August 26, 2012

The novelist as editor: Fair Play by Tove Jansson


Fair Play (1989) by Tove Jansson, translated from the Swedish by Thomas Teal (Sort Of Books, 2007)



Fair Play is about two women-artists, one writer and one filmmaker, who are life-long friends and who try to make sense of their lives through art. Their relationship is told in vignettes describing their work and life in a seaside house and their constant engagement with different art forms: film, painting, literature, and photography.

That doesn't look very appealing based on synopsis alone. But the Finnish author Tove Jansson (1914-2001) is a peerless practitioner of concision. Her work is precise and tightly edited, making no room for anything that will destroy the whole composition. A seemingly extraneous detail must be thrown away; it is simply "idiotic" to let it stay. The principle is laid out early on while Jonna, the filmmaker, helps Mari arrange the pictures on her walls: "That pretty mirror is idiotic, it doesn't belong, we have to keep it austere. The sword's okay, if a little pathetic. Here, measure – it'll be seven, or six and a half. Give me the awl." No excess, no nonsense.

   "I know," she said, "rejection's not easy. But you reject words, whole pages, long impossible stories, and it feels good once it's done. It's no different rejecting pictures, a picture's right to hang on a wall. And most of these have hung here too long; you don't even see them any more. The best stuff you have, you don't see any more. And they kill each other because they're badly hung. Look, here's a thing of mine and here's your drawing, and they clash. We need distance, it's essential. And different periods need distance to set them apart – unless you're just cramming them together for the shock effect! You simply have to feel it... There should be an element of surprise when people's eyes move across a wall covered with pictures. We don't want to make it too easy for them. Let them catch their breath and look again because they can't help it. Make them think, make them mad, even..."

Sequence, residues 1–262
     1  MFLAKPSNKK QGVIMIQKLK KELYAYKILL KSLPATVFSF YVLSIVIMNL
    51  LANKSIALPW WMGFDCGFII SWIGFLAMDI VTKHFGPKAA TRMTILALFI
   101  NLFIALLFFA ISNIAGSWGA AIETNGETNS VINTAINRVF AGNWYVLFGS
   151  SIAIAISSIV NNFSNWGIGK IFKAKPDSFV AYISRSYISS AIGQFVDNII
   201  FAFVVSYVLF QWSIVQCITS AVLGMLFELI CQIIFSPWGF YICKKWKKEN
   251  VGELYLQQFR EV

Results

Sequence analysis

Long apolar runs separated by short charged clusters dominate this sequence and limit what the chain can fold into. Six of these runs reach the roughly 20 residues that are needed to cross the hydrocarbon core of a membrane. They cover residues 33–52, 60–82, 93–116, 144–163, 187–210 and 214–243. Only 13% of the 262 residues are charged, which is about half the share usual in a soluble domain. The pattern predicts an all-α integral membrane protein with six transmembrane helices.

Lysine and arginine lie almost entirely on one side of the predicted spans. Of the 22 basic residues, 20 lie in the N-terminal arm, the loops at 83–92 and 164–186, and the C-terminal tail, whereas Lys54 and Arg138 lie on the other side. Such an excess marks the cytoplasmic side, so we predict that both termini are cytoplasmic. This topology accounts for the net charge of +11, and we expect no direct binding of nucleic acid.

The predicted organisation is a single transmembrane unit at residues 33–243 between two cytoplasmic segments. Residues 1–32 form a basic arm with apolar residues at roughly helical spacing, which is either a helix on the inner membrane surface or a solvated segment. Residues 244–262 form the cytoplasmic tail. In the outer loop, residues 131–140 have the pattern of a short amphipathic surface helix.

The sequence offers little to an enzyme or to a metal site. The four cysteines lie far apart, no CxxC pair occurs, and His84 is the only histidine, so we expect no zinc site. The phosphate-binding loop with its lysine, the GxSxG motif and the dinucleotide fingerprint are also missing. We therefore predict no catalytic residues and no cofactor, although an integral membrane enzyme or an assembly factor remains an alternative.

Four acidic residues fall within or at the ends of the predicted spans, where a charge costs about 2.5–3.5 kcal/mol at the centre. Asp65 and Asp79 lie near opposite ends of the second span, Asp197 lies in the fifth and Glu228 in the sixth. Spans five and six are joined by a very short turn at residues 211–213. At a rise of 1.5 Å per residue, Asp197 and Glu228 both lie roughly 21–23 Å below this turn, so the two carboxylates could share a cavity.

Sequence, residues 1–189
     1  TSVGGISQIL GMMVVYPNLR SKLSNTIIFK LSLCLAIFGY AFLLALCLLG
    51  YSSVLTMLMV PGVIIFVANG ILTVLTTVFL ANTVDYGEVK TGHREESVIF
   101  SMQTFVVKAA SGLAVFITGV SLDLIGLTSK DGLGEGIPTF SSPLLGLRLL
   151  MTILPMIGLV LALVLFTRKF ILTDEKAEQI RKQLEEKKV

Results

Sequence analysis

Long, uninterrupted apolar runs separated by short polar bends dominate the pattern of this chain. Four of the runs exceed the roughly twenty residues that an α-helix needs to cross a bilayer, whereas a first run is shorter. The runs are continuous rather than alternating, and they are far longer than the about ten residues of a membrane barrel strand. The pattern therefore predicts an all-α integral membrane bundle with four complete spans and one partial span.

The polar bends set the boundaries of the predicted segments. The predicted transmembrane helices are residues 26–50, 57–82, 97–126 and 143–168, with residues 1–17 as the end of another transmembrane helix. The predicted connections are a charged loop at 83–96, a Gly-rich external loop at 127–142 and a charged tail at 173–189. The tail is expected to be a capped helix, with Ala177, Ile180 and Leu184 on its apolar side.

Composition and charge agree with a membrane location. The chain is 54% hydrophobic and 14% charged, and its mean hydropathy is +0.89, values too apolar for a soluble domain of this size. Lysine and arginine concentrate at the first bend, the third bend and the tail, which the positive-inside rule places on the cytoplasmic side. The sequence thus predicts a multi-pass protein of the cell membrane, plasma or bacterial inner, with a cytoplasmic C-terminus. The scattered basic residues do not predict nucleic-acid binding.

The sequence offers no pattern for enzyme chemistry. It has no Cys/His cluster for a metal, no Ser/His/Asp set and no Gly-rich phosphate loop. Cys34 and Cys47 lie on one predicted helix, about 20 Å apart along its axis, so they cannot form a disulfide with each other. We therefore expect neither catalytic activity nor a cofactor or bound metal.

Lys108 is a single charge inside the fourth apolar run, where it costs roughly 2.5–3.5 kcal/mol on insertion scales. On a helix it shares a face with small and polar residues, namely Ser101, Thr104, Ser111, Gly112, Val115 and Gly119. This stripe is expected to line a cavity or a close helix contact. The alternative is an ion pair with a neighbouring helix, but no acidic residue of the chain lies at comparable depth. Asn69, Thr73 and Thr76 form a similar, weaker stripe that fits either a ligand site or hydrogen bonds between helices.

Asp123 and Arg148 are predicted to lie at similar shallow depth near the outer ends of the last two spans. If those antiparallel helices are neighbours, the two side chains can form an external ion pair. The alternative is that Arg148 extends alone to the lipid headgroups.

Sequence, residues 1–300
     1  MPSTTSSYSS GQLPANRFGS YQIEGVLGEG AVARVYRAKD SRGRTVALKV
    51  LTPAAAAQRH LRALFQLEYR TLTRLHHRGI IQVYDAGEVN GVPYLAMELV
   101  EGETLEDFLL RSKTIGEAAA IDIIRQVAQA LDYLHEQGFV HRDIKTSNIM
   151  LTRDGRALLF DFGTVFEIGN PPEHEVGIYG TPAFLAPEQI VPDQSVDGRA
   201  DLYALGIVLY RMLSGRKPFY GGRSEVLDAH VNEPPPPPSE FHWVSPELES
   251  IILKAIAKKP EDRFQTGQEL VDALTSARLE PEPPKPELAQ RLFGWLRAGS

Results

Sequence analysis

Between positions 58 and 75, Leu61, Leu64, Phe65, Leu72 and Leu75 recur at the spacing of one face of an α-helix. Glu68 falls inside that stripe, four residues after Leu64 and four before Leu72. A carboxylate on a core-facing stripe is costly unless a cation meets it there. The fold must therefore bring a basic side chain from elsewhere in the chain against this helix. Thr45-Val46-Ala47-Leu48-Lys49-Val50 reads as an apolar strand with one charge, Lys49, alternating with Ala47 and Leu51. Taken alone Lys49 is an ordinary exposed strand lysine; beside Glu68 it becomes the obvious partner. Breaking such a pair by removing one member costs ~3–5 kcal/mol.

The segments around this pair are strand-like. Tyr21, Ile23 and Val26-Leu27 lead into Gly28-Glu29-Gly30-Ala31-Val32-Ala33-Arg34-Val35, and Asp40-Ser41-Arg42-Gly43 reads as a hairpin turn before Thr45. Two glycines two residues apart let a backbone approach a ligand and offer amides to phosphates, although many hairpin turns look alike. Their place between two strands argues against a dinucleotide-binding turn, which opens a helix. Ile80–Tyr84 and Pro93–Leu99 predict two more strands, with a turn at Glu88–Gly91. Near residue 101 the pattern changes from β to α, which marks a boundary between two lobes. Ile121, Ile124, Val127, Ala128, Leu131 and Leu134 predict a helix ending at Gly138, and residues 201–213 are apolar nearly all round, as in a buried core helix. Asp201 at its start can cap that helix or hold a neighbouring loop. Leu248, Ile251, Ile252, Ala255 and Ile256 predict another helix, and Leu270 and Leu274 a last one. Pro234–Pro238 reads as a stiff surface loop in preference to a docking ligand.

The prose itself follows this aesthetic of ruthless editing. Crop the unwanted stuff, emphasize the best parts, arrange things strategically, allow freedom of space, be intuitive, be instinctive, don't dumb down things for people, make them think, make them mad.

This is not a call for minimalism for the sake of minimalism, however. This is a thinking, pulsing piece. It's not entirely averse to the "irrational" and hodgepodge, but those tendencies must be required by genius in order to be permitted in a work of art. The great film directors, according to Mari, know all about the irrational. They use ill-fitting things for a purpose, to make a whole, to make a point. They know what they want to show. Their apparent quirkiness is part of the play.

In Fair Play, the barriers of art, work, and life are fluid. The characters' work ethic dictates the form and content of the art they create and the moral imperatives they set for themselves. A life-style of discovery and contemplation seems to be the ideal way to set one's self into the world.